DPH: Most SF mpox cases are among unvaxxed

  • by John Ferrannini, Assistant Editor
  • Thursday November 16, 2023
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San Francisco health officials said that most people getting mpox have not been vaccinated. Photo: Rick Gerharter
San Francisco health officials said that most people getting mpox have not been vaccinated. Photo: Rick Gerharter

Most new mpox cases in San Francisco are among the unvaccinated, the city's Department of Public Health told the Bay Area Reporter in a recent interview.

Dr. Julia Janssen from SF DPH's HIV/STI Prevention and Control Section said that as of November 13, 33% of San Francisco's cases in the past two months were in people who had been fully vaccinated, and 10% were in people who had been partially vaccinated. That means 57% of mpox cases occurred in people who were not vaccinated. In other words, nearly 70% of mpox cases are among those unvaccinated or partially vaccinated.

"Most people in San Francisco who are getting mpox are not fully vaccinated," Janssen said.

Janssen said that those who've been vaccinated but nonetheless develop an mpox infection generally have better outcomes than those who did not get the Jynneos vaccine. It is given in two doses spaced a month apart.

"Receiving the full two-dose series is one of the most effective ways to prevent mpox infection and can reduce illness severity, hospitalization and death," Janssen said.

To that effect, nobody thus far who was vaccinated has been hospitalized in San Francisco, Janssen said. The city has also seen no deaths.

As the B.A.R. reported October 31, that month saw the most reported cases in the city since the summer 2022 outbreak. According to DPH's most recent data, there were 20 cases in September, 22 in October, and two in November thus far.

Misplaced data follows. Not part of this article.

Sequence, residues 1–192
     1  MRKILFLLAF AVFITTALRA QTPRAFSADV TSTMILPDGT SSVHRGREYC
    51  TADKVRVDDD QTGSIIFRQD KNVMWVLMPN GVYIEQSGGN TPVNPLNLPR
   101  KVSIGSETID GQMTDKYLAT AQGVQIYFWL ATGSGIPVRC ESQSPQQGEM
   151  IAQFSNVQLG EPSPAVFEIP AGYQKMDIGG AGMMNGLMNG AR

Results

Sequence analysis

These numbers are nonetheless significantly lower than last summer. For example, on July 31, 2022, the city's seven-day rolling average of new cases was 20.4 cases per day.

A vaccination drive among gay and bisexual men, and others at risk for infection with the mpox virus, is credited for bringing down those numbers — and vaccination is being promoted by DPH as the way to fight the uptick. The virus has largely affected men who have sex with men and their sexual partners since its outbreak in the spring of 2022.

While one dose of the Jynneos vaccine offers some protection, health officials said receiving both doses provides the best protection against the disease.

According to the San Francisco Department of Public Health in an October statement, "no vaccine is 100% effective and people who have been vaccinated may still get mpox, but vaccination may decrease illness severity and reduce the risk of hospitalization."

Over 50,000 doses of Jynneos were distributed last year in San Francisco, the city's DPH stated, covering 42% of all people living with HIV in the city and 65% of people who had received PrEP at San Francisco City Clinic prior to June 2022.

Still, Dr. Stephanie Cohen, a straight ally who is the section director for HIV/STI prevention with the health department, previously told the B.A.R. that 40% of those who received the first dose of mpox vaccine didn't return for a second.

A California Department of Public Health news release last month stated that "while anyone can get mpox and preventive measures should be taken by all, vaccines are recommended for those at highest risk," and urged a number of groups to consider vaccination if they are not vaccinated already. These include people who know or suspect exposure to someone who has had the mpox virus; people whose sexual partners have been diagnosed with mpox in the last two weeks; and people who are gay, bisexual, or other men who have sex with men.